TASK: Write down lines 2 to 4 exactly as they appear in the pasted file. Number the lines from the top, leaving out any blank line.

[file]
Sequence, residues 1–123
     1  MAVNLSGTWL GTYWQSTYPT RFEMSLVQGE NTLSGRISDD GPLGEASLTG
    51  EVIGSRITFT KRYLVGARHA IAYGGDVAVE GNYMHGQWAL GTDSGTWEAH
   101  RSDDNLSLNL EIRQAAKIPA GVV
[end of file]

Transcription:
     1  MAVNLSGTWL GTYWQSTYPT RFEMSLVQGE NTLSGRISDD GPLGEASLTG
    51  EVIGSRITFT KRYLVGARHA IAYGGDVAVE GNYMHGQWAL GTDSGTWEAH
   101  RSDDNLSLNL EIRQAAKIPA GVV